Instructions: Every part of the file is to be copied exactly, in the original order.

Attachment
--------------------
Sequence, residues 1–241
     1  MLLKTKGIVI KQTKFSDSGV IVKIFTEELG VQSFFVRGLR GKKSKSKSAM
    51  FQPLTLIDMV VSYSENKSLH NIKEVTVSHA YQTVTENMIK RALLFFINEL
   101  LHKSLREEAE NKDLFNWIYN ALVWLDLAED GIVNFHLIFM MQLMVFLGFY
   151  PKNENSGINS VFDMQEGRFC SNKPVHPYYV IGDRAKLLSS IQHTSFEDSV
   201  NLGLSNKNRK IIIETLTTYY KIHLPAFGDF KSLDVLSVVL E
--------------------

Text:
Sequence, residues 1–241
     1  MLLKTKGIVI KQTKFSDSGV IVKIFTEELG VQSFFVRGLR GKKSKSKSAM
    51  FQPLTLIDMV VSYSENKSLH NIKEVTVSHA YQTVTENMIK RALLFFINEL
   101  LHKSLREEAE NKDLFNWIYN ALVWLDLAED GIVNFHLIFM MQLMVFLGFY
   151  PKNENSGINS VFDMQEGRFC SNKPVHPYYV IGDRAKLLSS IQHTSFEDSV
   201  NLGLSNKNRK IIIETLTTYY KIHLPAFGDF KSLDVLSVVL E